Diabetes

Diabetes is a disease that affects the body's ability to produce or respond to insulin, a hormone that enables cells to absorb glucose and use it as energy. Thus, diabetes is both an endocrine and a metabolic disease.

 

Diabetes is serious and common, with startling facts around this growing condition.

 

  • Diabetes was the seventh leading cause of death in the United States in 2010, according to the 2014 National Diabetes Statistics Report.
  • The U.S. Centers for Disease Control and Prevention states 29.1 million Americans, or 9.3 percent of the U.S. population, have diabetes, but 8.1 million, or 28 percent, remain undiagnosed.
  • According to the U.S. Food and Drug Administration, approximately 9.1 million, or 8.9 percent, of all women in the United States have diabetes; however, about a third of them do not know it.
  • 25.9 percent of Americans age 65 and older had diabetes (diagnosed and undiagnosed) in 2012.
  • Prediabetes is estimated to affect 86 million Americans age 20 and older.

 

Types and Causes of Diabetes
  • Type 1 (insulin-dependent) diabetes occurs in individuals who produce little or no insulin, which is the hormone that helps convert blood sugar into energy. Type 1 diabetes is caused by genetics and other unknown factors that trigger the onset of the disease.
  • Type 2 (noninsulin-dependent) diabetes is the most common type in the United States and occurs when your body produces insufficient insulin to properly regulate blood sugar levels. Type 2 diabetes risk is increased by being obese or overweight, but most overweight people never develop type 2 diabetes. In fact, many people with type 2 diabetes are at a normal weight or only moderately overweight.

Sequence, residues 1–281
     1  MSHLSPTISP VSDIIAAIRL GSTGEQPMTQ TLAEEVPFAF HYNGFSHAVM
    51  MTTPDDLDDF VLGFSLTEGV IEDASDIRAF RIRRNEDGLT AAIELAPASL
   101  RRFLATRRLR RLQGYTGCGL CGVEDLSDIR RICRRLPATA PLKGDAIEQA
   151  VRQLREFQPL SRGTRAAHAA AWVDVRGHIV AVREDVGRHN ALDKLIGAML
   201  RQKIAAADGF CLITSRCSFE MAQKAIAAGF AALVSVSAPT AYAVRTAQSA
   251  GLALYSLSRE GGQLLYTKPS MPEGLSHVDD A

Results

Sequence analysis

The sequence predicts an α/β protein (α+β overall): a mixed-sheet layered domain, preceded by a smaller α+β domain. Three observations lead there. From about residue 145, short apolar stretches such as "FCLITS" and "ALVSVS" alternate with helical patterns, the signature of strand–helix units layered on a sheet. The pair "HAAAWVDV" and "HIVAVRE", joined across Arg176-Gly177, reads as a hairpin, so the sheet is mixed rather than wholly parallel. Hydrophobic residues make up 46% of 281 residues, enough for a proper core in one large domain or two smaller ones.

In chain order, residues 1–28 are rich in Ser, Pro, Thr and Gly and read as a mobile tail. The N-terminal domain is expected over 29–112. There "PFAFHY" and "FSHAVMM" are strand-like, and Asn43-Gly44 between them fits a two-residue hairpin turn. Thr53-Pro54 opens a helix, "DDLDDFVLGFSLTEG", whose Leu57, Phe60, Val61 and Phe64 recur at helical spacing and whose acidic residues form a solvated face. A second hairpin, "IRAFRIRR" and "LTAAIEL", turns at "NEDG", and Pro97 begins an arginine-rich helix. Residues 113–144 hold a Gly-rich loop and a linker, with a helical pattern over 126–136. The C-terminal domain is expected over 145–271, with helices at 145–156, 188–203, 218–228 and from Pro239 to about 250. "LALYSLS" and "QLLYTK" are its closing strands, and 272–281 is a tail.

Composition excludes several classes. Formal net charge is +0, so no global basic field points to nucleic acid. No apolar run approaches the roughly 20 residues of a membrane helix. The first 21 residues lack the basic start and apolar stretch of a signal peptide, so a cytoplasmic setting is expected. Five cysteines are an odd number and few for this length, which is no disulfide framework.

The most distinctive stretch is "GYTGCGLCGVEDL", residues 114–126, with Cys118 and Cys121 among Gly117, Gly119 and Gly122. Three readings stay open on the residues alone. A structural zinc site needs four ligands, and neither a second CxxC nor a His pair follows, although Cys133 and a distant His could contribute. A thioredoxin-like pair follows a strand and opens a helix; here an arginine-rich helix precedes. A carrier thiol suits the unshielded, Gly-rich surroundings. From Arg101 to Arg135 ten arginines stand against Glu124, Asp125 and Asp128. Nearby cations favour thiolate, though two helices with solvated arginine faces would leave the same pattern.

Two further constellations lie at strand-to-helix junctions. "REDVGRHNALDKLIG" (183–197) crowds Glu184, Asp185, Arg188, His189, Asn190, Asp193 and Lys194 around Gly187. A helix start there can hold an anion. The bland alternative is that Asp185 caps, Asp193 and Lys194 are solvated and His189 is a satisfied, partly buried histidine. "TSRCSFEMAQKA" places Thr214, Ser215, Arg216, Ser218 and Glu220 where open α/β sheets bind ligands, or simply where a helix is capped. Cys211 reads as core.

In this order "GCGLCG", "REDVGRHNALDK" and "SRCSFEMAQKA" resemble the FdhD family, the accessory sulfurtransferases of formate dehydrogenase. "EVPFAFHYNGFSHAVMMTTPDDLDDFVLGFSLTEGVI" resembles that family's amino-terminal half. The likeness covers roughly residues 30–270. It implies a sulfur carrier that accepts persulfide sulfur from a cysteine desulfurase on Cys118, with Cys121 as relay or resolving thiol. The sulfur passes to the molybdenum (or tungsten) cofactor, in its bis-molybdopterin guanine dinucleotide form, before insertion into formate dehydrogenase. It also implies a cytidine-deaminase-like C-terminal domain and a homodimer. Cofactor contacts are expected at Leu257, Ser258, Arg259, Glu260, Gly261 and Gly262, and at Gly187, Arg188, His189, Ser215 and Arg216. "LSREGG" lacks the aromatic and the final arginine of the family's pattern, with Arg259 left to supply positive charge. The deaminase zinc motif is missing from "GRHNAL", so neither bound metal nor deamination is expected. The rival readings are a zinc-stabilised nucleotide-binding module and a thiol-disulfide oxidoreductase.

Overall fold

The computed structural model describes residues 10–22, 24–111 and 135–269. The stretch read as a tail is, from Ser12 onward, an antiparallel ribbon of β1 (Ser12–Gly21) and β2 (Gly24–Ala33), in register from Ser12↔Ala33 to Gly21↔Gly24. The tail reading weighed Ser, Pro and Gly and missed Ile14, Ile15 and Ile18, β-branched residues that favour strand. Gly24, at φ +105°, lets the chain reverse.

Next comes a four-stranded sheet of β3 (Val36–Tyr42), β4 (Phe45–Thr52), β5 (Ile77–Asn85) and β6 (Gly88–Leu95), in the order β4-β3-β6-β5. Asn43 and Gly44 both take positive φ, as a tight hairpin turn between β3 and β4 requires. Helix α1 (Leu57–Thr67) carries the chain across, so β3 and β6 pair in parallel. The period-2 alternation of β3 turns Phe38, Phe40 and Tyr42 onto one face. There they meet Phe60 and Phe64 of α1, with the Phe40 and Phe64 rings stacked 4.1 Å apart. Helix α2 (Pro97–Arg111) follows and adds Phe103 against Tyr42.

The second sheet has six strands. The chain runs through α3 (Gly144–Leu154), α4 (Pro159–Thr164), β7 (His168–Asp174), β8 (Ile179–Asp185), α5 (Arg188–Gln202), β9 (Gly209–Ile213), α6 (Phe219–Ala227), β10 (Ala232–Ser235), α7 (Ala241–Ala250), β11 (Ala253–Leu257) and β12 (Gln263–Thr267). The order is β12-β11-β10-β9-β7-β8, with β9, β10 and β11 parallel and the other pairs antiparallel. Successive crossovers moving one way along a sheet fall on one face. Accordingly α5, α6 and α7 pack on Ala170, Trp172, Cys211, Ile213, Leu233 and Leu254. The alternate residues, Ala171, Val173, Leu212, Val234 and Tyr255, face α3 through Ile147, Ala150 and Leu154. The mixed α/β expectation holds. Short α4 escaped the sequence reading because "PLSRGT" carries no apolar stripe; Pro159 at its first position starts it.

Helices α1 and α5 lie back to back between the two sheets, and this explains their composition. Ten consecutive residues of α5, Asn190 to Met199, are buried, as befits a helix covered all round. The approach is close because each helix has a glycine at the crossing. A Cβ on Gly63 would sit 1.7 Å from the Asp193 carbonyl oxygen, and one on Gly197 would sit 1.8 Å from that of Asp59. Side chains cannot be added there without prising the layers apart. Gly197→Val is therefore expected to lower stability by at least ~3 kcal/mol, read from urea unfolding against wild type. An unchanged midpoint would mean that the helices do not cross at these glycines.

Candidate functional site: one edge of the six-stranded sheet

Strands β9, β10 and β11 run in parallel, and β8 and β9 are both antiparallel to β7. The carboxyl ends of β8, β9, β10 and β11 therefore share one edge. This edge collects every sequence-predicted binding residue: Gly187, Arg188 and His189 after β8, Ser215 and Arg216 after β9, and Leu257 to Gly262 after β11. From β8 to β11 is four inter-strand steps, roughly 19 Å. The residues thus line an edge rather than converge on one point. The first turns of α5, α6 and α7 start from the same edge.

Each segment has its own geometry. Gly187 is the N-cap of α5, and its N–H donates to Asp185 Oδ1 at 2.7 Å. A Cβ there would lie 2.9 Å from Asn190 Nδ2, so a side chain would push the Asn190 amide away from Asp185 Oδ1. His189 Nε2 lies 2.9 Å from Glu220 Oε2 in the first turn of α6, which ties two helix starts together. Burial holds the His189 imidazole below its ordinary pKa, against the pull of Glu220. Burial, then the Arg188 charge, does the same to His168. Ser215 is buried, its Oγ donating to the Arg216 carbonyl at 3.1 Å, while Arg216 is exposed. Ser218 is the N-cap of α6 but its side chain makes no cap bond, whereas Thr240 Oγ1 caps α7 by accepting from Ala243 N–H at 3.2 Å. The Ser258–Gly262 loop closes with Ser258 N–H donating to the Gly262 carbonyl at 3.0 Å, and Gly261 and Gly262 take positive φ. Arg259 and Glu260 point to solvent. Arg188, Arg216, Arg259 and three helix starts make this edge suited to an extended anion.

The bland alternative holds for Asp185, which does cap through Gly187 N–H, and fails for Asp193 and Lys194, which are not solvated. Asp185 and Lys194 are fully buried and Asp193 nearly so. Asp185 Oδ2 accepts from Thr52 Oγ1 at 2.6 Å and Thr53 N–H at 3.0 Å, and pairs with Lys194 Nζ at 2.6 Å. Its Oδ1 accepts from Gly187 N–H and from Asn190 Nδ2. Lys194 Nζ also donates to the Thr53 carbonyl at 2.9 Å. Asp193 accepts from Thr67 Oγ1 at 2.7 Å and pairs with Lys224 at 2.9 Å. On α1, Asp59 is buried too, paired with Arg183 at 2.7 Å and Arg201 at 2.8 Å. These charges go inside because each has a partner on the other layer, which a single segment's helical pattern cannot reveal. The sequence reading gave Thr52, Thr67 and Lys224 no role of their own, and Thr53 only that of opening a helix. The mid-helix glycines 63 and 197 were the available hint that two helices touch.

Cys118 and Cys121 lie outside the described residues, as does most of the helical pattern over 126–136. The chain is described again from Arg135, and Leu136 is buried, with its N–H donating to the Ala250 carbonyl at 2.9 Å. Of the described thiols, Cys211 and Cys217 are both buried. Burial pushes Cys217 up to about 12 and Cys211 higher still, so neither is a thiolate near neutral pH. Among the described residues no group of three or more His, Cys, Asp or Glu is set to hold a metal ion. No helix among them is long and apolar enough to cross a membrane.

Type 1 and type 2 diabetes have different causes, but genes and environment are factors in both.

 

Symptoms of Diabetes
Like most medical conditions, early diagnosis is the best course of treatment. Seek help from a medical professional if you have these signs or symptoms of prediabetes or diabetes:

 

  • Excessive thirst
  • Frequent urination
  • Abnormal hunger
  • Sudden weight loss
  • Dry skin and frequent infections
  • Slow-healing cuts or wounds

 

Diabetes can cause serious complications, such as the following:

  • Heart attack
  • Stroke
  • Kidney disease and kidney failure
  • Eye problems and blindness
  • Amputation of feet and legs not related to accidents or injury


Treating Diabetes
While there is currently no cure for diabetes, both type 1 and type 2 can be managed. If you follow doctor’s orders, the disease should not get in the way of living a long, healthy life. If you are overweight or obese, you can lose weight with medical supervision. If your cholesterol is high, medications combined with exercise and a healthy diet can decrease levels of LDL (low-density lipoprotein), also known as bad cholesterol.

Controlling your weight and cholesterol can also reduce the risk of heart disease and stroke.

At Houston Methodist we provide individualized care to patients suffering from diabetes, obesity or high cholesterol and their related complications. Our specialists at Houston Methodist — nationally recognized by the American Diabetes Association as an effective partner to prevent diabetes — provide patient education to increase awareness of this often hidden disease. The physicians and health care professionals at Houston Methodist use state-of-the-art technology to diagnose and treat all forms of diabetes-related disorders to give you the normal, healthy life you deserve.

TREATMENT LOCATIONS

Our physicians at Houston Methodist specialize in managing diabetes at the following convenient locations.